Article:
Dear Josep,

So it’s Thursday evening¬†and I haven’t posted in a week. Life has been hectic and there are kids with fevers and tummyaches all over the place and I’ve hardly had a moment to myself for the past couple of weeks. (And for the record, it was my Hebrew birthday on Wednesday. I spent the day washing dishes, proofreading, and dealing with a sick 3-year-old. Whee.) And I was *this* close to Whatsapping you to demand that you ask me a random question because I had no idea what to write about!

But before resorting to such drastic (and probably futile) measures, I decided to try digging around “in the archives” and see if I can find anything interesting that I haven’t posted yet. So I was randomly scanning old¬†e-mails, reading through our conversations about this and that, when I noticed that I referred once to something that happened to me, and wrote that I would tell you about it someday, but I don’t think I ever got around to it.

So, here it is, nine years later!

When I was around seventeen, I began to take driving lessons. Now, in Israel, the process of getting a driver’s license is a ridiculously difficult and extravagantly expensive affair, which involves taking a minimum of 28 lessons in an instructor’s car, a multiple-choice theory test, and a practical test. A¬†vast majority of people fail the first time around, because it’s very strict; you can fail for small, harmless mistakes, and for not following arbitrary rules that no actual driver in his right mind follows anyway. And if the tester so much as touches the brake pedal or the wheel while you’re driving, you have failed for sure.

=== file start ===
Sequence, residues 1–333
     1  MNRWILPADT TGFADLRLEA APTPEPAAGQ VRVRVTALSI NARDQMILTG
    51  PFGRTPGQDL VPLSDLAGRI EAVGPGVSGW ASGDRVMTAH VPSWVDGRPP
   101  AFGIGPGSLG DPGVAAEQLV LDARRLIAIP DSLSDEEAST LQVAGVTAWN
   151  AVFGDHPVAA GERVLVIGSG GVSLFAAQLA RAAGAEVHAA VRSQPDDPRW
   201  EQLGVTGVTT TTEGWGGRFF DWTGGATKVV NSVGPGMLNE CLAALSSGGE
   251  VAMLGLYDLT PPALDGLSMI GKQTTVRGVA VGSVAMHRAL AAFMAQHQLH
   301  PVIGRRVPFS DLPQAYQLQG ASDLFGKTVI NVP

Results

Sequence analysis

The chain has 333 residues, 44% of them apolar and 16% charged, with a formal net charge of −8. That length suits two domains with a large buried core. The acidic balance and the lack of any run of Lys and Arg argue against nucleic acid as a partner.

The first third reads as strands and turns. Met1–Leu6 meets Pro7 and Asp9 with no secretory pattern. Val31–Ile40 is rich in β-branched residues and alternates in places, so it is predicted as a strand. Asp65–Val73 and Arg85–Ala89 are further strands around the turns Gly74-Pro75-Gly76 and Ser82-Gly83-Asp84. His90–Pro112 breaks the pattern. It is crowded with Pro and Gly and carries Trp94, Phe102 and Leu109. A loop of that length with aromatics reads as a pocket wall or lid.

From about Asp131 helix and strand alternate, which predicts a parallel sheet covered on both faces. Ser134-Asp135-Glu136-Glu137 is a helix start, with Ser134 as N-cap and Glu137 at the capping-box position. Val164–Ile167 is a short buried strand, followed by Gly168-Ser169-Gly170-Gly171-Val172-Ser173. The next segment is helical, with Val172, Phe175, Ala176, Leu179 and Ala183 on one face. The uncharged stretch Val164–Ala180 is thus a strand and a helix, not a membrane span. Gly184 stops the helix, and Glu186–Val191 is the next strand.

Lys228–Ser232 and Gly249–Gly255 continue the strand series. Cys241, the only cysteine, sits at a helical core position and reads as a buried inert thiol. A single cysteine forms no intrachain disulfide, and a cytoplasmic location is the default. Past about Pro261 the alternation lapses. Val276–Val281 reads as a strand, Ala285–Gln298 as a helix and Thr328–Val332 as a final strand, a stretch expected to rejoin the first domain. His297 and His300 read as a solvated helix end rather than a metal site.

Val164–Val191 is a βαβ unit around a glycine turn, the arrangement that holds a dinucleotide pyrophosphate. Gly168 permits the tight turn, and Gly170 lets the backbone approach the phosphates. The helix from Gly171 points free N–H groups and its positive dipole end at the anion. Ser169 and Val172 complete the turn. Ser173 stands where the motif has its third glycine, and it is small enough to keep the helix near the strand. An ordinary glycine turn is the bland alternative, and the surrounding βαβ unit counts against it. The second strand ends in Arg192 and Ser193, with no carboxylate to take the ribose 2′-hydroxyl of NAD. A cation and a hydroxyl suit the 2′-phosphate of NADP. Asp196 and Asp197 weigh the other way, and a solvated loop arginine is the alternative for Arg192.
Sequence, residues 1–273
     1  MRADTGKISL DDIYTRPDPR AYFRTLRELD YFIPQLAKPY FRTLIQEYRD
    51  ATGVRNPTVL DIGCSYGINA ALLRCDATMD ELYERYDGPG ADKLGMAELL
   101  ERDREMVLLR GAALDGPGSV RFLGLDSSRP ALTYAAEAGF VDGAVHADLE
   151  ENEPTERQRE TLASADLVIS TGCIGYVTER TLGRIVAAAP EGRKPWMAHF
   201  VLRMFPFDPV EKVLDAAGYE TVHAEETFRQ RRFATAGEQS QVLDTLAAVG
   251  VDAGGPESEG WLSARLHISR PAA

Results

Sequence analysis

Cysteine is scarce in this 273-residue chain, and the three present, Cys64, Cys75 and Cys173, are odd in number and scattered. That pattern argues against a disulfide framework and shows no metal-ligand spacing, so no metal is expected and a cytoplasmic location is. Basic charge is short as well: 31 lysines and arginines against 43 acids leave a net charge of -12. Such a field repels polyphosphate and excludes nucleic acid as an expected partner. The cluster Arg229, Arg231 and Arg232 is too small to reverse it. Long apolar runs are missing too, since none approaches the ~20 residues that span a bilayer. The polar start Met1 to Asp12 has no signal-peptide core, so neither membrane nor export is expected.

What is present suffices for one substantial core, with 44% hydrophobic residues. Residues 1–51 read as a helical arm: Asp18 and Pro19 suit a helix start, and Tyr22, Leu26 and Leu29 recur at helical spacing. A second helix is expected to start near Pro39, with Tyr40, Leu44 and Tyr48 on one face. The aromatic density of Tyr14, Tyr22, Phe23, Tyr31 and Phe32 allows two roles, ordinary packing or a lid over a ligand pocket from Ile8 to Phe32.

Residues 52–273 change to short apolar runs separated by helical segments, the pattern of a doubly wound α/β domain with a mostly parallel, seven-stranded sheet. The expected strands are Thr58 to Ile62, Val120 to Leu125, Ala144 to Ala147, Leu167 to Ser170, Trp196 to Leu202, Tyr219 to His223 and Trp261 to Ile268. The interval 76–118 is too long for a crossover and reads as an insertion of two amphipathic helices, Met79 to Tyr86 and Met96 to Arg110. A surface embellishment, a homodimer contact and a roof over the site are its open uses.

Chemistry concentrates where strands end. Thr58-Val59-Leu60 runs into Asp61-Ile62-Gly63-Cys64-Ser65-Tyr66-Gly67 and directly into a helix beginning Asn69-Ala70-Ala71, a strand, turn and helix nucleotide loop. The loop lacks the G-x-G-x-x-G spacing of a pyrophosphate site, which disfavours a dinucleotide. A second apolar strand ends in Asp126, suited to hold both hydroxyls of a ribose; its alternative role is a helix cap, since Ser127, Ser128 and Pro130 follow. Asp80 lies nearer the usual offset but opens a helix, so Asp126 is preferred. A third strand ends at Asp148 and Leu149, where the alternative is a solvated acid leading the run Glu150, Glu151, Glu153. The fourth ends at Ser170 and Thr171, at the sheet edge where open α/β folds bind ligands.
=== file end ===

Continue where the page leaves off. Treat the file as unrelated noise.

Now, you met me about two years after this, and it’s probably not hard for you to imagine that learning to drive a car was extremely stressful for me. I am a very cautious person, and suddenly taking control of a massive hunk of metal flying down the highway at 90 kmph was not my idea of a good time. So let’s just say, it took me a very long time to get confident with it.¬†My instructor (God bless his patient heart) never yelled at me, but he did have a tendency to pull me over and give me a hard time: “But… Daniella… why? Why? What do you have against that pedestrian? She doesn’t deserve to die…”

Anyway. After significantly more than 28 lessons, my instructor felt that I was ready to take the test, and so it began. The first test I failed because I crossed a very long crosswalk while a pedestrian had already stepped onto the street. (I never would have hit her, because she was a good two-three meters away, but it was reason enough to fail me.) The second test I failed because I got stuck behind a truck on a narrow two-lane street and I pulled up too close behind it, so in the process of trying to pass it, I almost knocked the side mirror off my car and the tester slammed the brakes.

Third test. I’m sitting in the driver’s seat waiting for the tester to get in the car. And I look up at the Heavens and I say, “Look. I know making deals with You is dumb and it’s not really part of how You work. But listen. If You help me pass this time, I will write a ridiculously long, rambling message about how great You are and post it on my class’s Internet forum.” I glanced at the back seat, where another student was waiting, and I added, “Hey, and let him pass it, too.” It was his third test as well.

Kind like in Carrie Underwood's "Jesus Take the Wheel." Only without Jesus.
Kinda like Carrie Underwood’s “Jesus Take the Wheel.” Only without Jesus.

Test starts. Everything’s going fine. I’m switching lanes like a pro, all is running smoothly. And then I¬†stop at a red light… and forget to switch to first gear. So when the light turns green, the car stalls.

Now, I knew perfectly well what to do in this situation. But the tester didn’t give me a chance. Before I could move, he had slammed the brakes and the clutch, turned the key, shifted to first,¬†and restarted the car.

I continued the test knowing with absolute certainty that I would fail. I was really upset, but I continued to pray that at least my comrade would pass, and he did quite well. They don’t give you the results on the spot; your instructor calls you later that day to tell you if you passed or failed. But I knew I didn’t need his phone call. There was no way I could have passed.

But… I decided to write my rambling message of praise anyway.

Because God is still awesome, even if He¬†drives me insane and says “no” when I ask for things.